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We don't have to look very far to come upon a captivating tale about disappointment—it is among our oldest and most familiar stories, the story of Adam and Eve in Genesis. Where else among the world's cultures does one find a creation myth in which human history begins not with magic animals or demigods or occult forces but with newlyweds engaged in doing what so many other married couples since have done: making bad judgments together and then blaming each other for the difficulties that they bring down on themselves.

Despite the best real estate on the planet, peace everywhere, no competition for mates, and all their needs gratified, Adam and Eve cannot leave well enough alone. Once they find something they can't have, they hardly seem interested in anything else. The forbidden apple is too fascinating to resist. Eve at least has the intellectual curiosity and rebelliousness to take the initiative. Adam is too busy being a good boy. When God shows up and demands an explanation, Adam declares that it was the woman's fault. Adam is the first in a long line of passive-aggressive males.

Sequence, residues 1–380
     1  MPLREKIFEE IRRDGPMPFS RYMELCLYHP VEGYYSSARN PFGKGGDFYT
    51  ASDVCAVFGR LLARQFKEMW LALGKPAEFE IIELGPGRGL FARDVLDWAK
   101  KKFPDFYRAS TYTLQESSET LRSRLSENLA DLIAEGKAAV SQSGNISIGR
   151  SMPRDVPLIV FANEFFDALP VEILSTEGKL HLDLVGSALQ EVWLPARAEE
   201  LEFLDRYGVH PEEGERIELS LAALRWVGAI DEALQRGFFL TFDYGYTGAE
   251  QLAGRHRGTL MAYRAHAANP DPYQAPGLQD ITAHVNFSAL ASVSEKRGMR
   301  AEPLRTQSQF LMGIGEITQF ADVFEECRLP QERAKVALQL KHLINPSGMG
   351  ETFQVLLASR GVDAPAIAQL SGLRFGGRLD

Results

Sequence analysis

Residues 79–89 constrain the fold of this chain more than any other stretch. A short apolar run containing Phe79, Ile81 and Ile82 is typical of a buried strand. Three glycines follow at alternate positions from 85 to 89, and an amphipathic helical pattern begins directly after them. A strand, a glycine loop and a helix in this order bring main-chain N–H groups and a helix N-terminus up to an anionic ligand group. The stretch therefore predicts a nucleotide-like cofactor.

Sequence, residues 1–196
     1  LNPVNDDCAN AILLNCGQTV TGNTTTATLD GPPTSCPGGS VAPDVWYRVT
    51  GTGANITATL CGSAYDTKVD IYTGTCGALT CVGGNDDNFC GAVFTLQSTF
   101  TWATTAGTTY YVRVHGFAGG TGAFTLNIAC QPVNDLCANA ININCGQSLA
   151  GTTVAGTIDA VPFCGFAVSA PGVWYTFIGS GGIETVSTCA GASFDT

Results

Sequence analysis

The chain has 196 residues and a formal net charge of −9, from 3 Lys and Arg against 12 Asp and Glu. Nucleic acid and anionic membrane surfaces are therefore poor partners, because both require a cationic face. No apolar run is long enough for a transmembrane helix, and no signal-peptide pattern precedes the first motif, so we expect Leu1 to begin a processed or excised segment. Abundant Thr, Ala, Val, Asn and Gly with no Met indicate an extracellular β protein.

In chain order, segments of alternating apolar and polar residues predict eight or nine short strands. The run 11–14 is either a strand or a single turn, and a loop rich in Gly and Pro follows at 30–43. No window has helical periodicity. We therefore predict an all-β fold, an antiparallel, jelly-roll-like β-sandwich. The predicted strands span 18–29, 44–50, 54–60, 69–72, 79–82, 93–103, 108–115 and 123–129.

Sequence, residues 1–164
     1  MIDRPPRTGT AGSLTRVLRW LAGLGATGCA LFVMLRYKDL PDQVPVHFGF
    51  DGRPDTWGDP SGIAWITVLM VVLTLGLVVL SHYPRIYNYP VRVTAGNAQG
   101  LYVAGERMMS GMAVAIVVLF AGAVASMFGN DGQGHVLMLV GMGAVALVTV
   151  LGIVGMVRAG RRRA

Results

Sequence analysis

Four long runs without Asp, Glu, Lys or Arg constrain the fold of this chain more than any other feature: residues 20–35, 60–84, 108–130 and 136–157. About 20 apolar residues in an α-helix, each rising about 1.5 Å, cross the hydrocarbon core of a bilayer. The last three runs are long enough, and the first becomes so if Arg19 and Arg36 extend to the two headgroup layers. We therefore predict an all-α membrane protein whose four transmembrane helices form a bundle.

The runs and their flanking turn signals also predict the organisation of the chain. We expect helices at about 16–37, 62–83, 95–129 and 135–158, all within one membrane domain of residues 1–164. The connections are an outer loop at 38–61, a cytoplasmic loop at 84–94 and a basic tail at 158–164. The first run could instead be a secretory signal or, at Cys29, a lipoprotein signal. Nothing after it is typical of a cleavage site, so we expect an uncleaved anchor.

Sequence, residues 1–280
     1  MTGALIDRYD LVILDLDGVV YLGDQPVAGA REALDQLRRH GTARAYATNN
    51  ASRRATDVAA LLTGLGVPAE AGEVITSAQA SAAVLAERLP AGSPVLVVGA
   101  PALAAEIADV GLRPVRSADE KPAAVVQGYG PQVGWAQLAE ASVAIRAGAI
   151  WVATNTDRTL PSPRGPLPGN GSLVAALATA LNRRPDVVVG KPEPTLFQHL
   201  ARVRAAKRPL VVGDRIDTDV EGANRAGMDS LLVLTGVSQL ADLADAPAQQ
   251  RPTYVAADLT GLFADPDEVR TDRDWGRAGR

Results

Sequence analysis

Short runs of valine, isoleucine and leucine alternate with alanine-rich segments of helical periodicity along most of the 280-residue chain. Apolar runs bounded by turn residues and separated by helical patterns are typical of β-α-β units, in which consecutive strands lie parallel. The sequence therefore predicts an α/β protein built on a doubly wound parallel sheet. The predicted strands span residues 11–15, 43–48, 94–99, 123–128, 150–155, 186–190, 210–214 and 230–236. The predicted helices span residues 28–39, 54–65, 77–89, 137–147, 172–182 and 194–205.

The famous pair wrapped themselves in fig leaves and took to the bushes after the apple made them aware that they were naked. Centuries of theologians have informed us that this discovery signified the first sexual shame. Maybe so, but I have a slightly different take. Adam and Eve had always been naked in Eden. What made the difference?

In the Garden of Eden, nothing changed, nothing grew, nothing died. Time never passed until Adam and Eve learned that the Fall meant that they would eventually die. It's mortality that starts the meter running. And nakedness under the regime of time is significantly different from nakedness before time exists. No more perfect youthful bodies forever. From now on, the hint of a potbelly here, the possibility of a sagging breast there.

In other words, I suspect that when Adam and Eve looked at each other through the filter of time, they were more disappointed than ashamed. "You are not who I thought you were," they might have been the first to say to each other after the revelation that nobody is perfect. But to love is to become aware of loss with further losses to come. I believe that this is among the major reasons that love makes us so anxious.

Falling in love leads to such monumental expectations of happiness that it can feel like the discovery of paradise. But falling out of paradise with regularity also seems to be our lot. What happened to Adam and Eve happens to all of us—over and over again. There's nothing like thinking that you have failed at love to sharpen your knowledge that life is uncertain and the clock is relentlessly ticking. One tends to ask oneself, If this relationship won't work, will I ever find one that does? Disappointment measures the passing of time as a fall. It is one of our harsh reminders of solitude and aging and mortality.

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